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The Extraordinary Ordinary

This new musical about six ordinary New Yorkers feels overlong and often unbelievable. logo
Pamela Bob, Kelly McCormick and Courtney Balan
in The Extraordinary Ordinary
(© Michael Portantiere)
In The Extraordinary Ordinary, a new musical with book and lyrics by Scott Burkell and music by Paul Loesel now premiering at the Clurman Theatre -- "ordinary" turns out to be the operative word.

There's nothing very special about these six rather generic New Yorkers, except the fact that -- unlike real Manhattanites -- they seem to have no concerns regarding job security or the search for a decent, affordable apartment. Comfortably middle-class and approaching middle age, these former college chums (plus a very young love interest) reunite regularly for the apparent purpose of congratulating themselves on their comfortable lot in life.

Fortunately for the show's forward motion, some conflicts eventually do emerge. Zach (Patrick Oliver Jones) is jealous of the easy rapport that his wife, Bev (Kelly McCormick), has with her friend Karen (Courtney Balan), their single-and-searching hostess for the evening -- especially since the couple's own intimacy has evidently eroded.

Meanhwile, Joey (Jonathan Parkey), the student with whom Sam (Kristofer Cusick) has hooked up via Craigslist, feels a bit out of his depth and socially awkward, and Sam and Zach commiserate about their unfulfilling jobs.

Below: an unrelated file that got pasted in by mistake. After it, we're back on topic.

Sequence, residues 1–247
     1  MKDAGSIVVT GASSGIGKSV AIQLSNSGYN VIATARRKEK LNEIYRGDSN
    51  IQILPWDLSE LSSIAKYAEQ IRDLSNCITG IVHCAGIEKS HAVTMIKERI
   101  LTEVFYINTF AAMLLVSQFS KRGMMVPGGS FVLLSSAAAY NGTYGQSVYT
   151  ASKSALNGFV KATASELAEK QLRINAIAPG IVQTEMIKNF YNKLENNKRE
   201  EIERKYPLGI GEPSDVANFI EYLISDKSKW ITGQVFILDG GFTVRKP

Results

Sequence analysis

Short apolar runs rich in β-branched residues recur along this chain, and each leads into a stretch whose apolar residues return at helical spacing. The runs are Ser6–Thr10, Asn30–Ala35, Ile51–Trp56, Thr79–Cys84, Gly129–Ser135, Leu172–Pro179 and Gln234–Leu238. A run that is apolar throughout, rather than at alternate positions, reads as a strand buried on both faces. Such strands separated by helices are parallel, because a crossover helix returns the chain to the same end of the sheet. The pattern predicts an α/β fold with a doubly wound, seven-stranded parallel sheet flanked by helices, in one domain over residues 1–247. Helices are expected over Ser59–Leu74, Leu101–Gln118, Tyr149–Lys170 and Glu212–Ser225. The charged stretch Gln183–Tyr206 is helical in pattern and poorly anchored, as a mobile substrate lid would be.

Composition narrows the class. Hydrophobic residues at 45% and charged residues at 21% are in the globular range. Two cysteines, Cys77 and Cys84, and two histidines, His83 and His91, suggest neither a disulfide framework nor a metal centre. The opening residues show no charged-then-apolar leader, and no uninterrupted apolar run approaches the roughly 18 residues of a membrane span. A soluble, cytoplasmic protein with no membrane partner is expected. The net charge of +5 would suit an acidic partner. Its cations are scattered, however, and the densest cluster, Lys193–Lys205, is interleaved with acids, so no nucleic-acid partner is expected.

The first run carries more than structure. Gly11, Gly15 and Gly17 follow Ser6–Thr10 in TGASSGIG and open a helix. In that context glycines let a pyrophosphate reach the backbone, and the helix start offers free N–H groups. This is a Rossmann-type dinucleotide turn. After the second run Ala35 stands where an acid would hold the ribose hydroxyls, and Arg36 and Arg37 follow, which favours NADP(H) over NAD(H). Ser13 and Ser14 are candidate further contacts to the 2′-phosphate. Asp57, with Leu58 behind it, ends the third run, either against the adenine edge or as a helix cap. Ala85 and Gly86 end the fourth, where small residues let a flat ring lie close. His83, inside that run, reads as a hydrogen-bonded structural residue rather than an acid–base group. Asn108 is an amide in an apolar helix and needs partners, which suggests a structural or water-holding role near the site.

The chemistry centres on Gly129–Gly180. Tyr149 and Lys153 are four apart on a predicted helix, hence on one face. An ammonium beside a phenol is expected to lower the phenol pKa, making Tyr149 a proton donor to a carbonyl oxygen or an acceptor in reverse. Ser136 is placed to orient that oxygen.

The only member of the group not overtly experiencing unease is the designated kook, Kate (Pamela Bob), whose function is signaled by a wild-and-crazy wardrobe. But even she wonders whether she's wasting her time with her soccer-coach boyfriend, who remains resolutely off-stage, unseen and unheard-from. He'd rather watch sports on TV than hang out with her buds.

You might wish you had that option, especially since the show seems needlessly overlong at 2 ½ hours, and only a handful of songs (notably "A Sorta Love Song" and "I'll Jump") break through the monotony of filler couplets.

The second act truly beggars belief, in suggesting that a man might reach maturity (and then some) without acquiring the slightest inkling as to his true sexual orientation. (Moreover, do none of his supposed friends suspect that he might be not so much bi-curious as clinically depressed?) Meanwhile, Kate and Karen engage in a sniggery duet, "If We Were," about the advantages they both might enjoy as lesbians, if only they could stomach the prospect of exploring "down there."

The actors give the thin material their all. Still, you never get the sense of watching a believable cluster of fully fleshed-out friends.

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